HEAVEN IS FUN! – This board game from Parker Brothers was on the verge of becoming a big seller until kids who played it found it too addictive. It made Heaven seem so nice, compared to the real world of being picked on at school and yelled at by your parents, that almost a dozen kids killed themselves to get a taste of the real thing. In the same month (April of 1962) Parker Brothers denied any liability and stopped producing the game.
THE STINK CANNON – So big it could only be fired using the shoulder-mount (included free), this toy fired a ball of air, but when you loaded little ampules of a volatile organic cocktail into the cannon it shot an atrocious, violently foul odor thirty feet away from the shooter. Kids across America enjoyed playing with the Stink Cannon in the early sixties, until complaints from parents (reporting instances of widespread vomiting fits) forced the FDA to step in and ban the toy. Descriptions of the smell gave the impression of huge vats containing turbid pools of rotting meat and feces, shimmering under a hot sun.
THE IMPOSSIBLE BOX – This toy box was imported from China, where it was actually used as an inexpensive safe for valuables. It looked like a plain varnished wood box, three feet on each side, with an open hand symbol on one side. A hinged lid opened into (and not out from) the box, and toys could be safely hidden inside. To open the other end and retrieve toys one had to memorize a complex combination of pressure points to be pushed. Most kids forgot the combination and ended up breaking the box open to get their stuff back. In 1966 some kid down in Florida crawled into one of these things and died. His parents only found him after he started to smell.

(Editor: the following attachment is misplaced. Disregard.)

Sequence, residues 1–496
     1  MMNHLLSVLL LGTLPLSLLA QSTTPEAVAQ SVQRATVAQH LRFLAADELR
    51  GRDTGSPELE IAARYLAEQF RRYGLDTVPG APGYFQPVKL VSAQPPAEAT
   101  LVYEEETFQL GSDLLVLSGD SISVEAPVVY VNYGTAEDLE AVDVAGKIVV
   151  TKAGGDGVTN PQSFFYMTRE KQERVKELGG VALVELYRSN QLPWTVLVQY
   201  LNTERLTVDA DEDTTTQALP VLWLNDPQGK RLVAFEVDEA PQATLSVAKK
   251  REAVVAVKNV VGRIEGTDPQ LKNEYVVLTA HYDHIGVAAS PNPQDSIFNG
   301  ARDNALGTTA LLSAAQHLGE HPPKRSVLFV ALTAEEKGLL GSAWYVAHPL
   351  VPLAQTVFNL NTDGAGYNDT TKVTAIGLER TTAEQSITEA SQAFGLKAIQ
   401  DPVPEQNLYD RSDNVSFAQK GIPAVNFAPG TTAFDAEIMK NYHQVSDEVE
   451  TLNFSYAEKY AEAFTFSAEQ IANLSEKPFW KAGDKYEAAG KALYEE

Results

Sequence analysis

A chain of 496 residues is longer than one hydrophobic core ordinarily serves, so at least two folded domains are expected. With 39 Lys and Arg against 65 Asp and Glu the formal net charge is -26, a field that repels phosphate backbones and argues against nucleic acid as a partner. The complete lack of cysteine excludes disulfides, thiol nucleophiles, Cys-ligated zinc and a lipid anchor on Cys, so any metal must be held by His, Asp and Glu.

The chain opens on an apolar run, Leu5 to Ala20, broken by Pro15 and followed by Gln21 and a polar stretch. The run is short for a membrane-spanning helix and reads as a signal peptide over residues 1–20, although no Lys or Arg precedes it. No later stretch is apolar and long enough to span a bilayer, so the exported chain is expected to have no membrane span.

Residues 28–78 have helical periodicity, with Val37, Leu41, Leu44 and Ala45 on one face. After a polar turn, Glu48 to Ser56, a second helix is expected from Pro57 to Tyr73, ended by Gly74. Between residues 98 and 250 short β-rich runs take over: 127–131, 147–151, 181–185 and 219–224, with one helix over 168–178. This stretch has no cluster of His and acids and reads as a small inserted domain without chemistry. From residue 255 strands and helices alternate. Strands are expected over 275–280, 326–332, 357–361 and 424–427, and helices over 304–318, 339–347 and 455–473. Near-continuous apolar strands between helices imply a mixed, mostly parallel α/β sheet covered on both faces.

THE MUD BAZOOKA – This baby could have been used on the front lines in Vietnam. A variation on the Stink Cannon, this air-powered bazooka fired balls of mud. This fantastic toy was recalled after a kid in Indiana or Illinois got a mud ball in the kisser at close range and had all the flesh flayed from the front of his skull. I think they rebuilt his face with skin from his butt or something like that.
QUART ‘O WARTS – A short-lived Halloween item, this plastic jug (shaped like a milk bottle) contained little rubber warts. All you had to do was peel off the paper backing to expose the adhesive, and stick them on your face or body. They were hilarious. Unfortunately they were also a source of permanent disfigurement. It was discovered that compounds in the adhesive reacted with natural oils on children’s skin, the end result being that holes were burned into the epidermis so quickly and painlessly that it looked like the rubber warts were burrowing into them.
THE VENUSIAN SPACE BLANKET – In 1959 this foil blanket was included in the Junior Space Protection League Survival Kit, along with a bunch of plastic crap like sparking ray guns and a cheap compass and a tiny telescope. A forerunner of the metal foil survival blankets we have today, this little item reflected back 100% of any heat directed at it. On one bitterly cold winter day a kid up in Minnesota wrapped one around his torso and put a shirt over it before going off to school. By the time the lunch bell sounded the kid had slumped over his desk dead, most of his internal organs cooked by his own body heat.
God, I miss those good old days.